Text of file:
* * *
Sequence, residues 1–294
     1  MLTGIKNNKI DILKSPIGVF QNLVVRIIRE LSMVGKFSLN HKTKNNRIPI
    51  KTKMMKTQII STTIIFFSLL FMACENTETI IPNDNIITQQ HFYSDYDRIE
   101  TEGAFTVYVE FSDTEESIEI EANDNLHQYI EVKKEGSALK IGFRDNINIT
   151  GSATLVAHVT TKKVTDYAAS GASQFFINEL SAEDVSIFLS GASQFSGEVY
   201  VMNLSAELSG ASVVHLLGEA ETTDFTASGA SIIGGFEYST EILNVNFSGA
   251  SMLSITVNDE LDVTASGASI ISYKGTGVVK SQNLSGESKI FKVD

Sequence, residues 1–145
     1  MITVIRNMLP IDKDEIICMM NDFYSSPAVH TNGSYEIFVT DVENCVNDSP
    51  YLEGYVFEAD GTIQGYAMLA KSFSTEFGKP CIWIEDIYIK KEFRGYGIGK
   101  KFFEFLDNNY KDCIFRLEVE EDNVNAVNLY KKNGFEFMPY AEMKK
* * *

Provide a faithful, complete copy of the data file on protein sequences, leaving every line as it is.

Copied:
Sequence, residues 1–294
     1  MLTGIKNNKI DILKSPIGVF QNLVVRIIRE LSMVGKFSLN HKTKNNRIPI
    51  KTKMMKTQII STTIIFFSLL FMACENTETI IPNDNIITQQ HFYSDYDRIE
   101  TEGAFTVYVE FSDTEESIEI EANDNLHQYI EVKKEGSALK IGFRDNINIT
   151  GSATLVAHVT TKKVTDYAAS GASQFFINEL SAEDVSIFLS GASQFSGEVY
   201  VMNLSAELSG ASVVHLLGEA ETTDFTASGA SIIGGFEYST EILNVNFSGA
   251  SMLSITVNDE LDVTASGASI ISYKGTGVVK SQNLSGESKI FKVD

Sequence, residues 1–145
     1  MITVIRNMLP IDKDEIICMM NDFYSSPAVH TNGSYEIFVT DVENCVNDSP
    51  YLEGYVFEAD GTIQGYAMLA KSFSTEFGKP CIWIEDIYIK KEFRGYGIGK
   101  KFFEFLDNNY KDCIFRLEVE EDNVNAVNLY KKNGFEFMPY AEMKK